Workers get paid for the work that they do – money is not their birthright.
The notion that third-world freelancers deserve less money because of where they were born is tantamount to the antiquated notion that women deserve to be paid less because they have “nothing to spend the money on.” There was a time, not too long ago, when employers took it upon themselves to openly assume that their female workers simply do not have any reason to have as much money and this was the general public consensus.
Thankfully, first and second wave feminism fixed this. The current progressive zeitgeist would never allow any employer to even imply that they’re taking into account how their employees spend their money. They pay for the manpower, and that’s the end of it.
Now back to ESL workers; there are two general implications that need to be picked apart. The first one is that, on average, an ESL worker will be less beneficial for an English position than an ENL one. The second one is that ESL workers should shy away from ENL jobs because of this implication.
I agree with the former, not so much with the latter. Yes, on average, American writers are better English writers than, say, Indian ones. But that’s a statistic. The implication that it is impossible for a third world individual to develop sufficient skills to excel at any skill, on par with a first world citizen, is unacceptably egregious.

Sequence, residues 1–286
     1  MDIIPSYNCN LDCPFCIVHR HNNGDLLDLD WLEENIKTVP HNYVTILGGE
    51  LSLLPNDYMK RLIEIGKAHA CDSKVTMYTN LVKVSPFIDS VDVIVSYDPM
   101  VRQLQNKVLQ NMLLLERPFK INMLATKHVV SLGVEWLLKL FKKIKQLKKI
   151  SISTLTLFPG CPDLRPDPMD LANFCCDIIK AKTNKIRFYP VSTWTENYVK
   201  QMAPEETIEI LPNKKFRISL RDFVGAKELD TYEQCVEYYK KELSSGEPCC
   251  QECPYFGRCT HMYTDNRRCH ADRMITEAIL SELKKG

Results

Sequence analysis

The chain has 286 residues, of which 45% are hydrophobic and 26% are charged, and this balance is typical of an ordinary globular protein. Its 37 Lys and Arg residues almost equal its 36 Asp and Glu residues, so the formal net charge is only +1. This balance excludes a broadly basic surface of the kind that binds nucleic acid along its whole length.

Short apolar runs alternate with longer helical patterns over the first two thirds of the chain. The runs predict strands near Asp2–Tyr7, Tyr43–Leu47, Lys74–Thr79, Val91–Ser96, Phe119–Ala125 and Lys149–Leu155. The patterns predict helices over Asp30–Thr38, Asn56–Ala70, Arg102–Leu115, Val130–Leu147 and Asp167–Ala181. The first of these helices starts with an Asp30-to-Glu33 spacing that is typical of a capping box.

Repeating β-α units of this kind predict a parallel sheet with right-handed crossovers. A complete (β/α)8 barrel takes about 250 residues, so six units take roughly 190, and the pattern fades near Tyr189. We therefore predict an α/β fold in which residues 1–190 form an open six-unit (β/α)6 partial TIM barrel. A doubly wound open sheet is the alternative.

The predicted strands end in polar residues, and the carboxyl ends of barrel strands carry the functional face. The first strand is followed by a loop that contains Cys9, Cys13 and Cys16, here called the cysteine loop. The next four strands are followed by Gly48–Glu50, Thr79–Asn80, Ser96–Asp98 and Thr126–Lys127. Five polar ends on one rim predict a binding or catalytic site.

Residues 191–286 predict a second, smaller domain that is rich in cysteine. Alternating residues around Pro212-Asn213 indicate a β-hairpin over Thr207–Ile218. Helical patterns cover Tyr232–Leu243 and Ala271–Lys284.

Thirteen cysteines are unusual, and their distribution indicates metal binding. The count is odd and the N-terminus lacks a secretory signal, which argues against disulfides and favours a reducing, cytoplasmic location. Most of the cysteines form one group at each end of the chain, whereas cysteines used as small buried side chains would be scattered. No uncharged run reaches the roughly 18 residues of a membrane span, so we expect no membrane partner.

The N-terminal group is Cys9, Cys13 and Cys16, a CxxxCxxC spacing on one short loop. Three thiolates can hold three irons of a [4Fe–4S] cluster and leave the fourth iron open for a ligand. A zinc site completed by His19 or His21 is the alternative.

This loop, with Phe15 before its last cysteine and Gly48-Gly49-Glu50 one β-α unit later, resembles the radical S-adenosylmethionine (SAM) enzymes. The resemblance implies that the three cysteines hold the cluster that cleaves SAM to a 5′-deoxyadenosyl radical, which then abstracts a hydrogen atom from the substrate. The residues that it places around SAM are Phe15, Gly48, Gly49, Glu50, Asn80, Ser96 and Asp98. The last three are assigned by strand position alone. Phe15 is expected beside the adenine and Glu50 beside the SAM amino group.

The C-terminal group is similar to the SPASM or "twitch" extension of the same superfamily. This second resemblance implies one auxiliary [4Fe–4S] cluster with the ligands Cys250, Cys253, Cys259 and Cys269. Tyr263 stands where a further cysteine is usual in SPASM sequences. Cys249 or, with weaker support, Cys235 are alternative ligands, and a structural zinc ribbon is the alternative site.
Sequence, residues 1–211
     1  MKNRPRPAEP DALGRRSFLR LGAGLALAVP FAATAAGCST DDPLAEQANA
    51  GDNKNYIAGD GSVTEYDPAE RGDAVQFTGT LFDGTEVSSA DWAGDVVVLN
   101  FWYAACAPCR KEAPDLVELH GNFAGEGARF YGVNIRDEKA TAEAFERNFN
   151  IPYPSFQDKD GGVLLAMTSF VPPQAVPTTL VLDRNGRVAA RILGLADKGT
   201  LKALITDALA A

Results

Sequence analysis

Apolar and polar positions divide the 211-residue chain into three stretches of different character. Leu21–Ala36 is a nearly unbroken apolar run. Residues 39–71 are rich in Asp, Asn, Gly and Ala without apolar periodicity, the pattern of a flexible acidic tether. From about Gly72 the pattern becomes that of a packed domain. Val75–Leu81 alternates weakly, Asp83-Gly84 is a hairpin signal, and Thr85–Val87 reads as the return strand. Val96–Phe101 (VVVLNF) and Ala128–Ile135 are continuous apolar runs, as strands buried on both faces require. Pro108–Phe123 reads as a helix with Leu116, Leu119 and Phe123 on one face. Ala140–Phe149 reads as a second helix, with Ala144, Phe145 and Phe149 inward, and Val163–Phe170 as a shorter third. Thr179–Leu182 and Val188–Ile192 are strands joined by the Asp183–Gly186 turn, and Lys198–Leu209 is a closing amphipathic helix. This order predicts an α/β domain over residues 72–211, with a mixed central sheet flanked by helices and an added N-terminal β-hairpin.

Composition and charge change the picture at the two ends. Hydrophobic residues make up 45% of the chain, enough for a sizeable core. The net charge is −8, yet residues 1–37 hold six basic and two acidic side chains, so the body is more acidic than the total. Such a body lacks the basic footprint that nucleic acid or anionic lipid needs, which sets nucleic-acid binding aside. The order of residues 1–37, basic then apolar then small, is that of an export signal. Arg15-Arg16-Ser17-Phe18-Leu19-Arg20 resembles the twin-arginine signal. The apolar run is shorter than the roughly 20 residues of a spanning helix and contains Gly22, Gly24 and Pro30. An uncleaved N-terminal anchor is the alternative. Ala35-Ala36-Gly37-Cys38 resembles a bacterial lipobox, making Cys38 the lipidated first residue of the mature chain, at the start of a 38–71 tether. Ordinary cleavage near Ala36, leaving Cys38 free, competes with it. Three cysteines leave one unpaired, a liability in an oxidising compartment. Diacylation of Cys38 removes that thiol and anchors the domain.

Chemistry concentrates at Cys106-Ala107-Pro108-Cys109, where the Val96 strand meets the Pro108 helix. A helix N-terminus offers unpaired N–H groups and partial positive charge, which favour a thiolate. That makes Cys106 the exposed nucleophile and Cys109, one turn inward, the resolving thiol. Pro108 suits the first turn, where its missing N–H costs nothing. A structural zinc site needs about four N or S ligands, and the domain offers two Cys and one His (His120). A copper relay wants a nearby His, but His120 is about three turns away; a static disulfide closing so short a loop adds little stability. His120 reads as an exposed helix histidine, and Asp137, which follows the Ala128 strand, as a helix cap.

And regarding the payment gap I mentioned, yes, it is true that third world workers charge a lot less than average. We’re well aware of that. But you need to understand that’s still well above average for us, and we’re quite happy to be appreciated for our work. The idea that we’re somehow devaluing the market is laughable – that’s how markets work. Undercutting and lowballing aren’t immoral, they’re basic methods of product marketing.
Still, the general consensus on the global online stage is that third world workers are simply less ethical. We get painted as money hungry, desperate and untrustworthy. I already mentioned Pakistani and Indian workers, and with good reason. While I get a lot of criticism for being East European, there’s no comparison to the hatred that workers of those particular countries receive in freelancing circles.
Beyond the “Indian Tech Support” stereotype and similar casual humor, there’s also a very deep-seated disdain for Indian/Pakistani freelancers. Not only are they unwanted in content production, where clients might simply be on the hunt for a native speaker, they are also considered persona-non-grata in web development, marketing, and design.
As a final point, I’d like to admit that I have had two separate horrible experiences with two separate Pakistani developers, where they were both in fact unethical. But the thing is, I’ve had the same experience with an American client. I created a fully functional applet for him, after which he promptly decided to renege, and flat out refused to pay me. And it’s also worth noting that I had an extremely pleasant experience with another Pakistani developer, for whom I wrote code, and it was one of the nicest work experiences of my life. My point is, your mileage will vary.
Far be it for me to suggest that the end of all discrimination needs to start now, so that I can get more work. I’m simply suggesting that there is a very specific, very clear discrimination in the online market. Here’s to hoping that we’ll unlearn some of these nasty biases sooner rather than later.
The story was written by Viktor, a freelance content writer, and marketing rookie.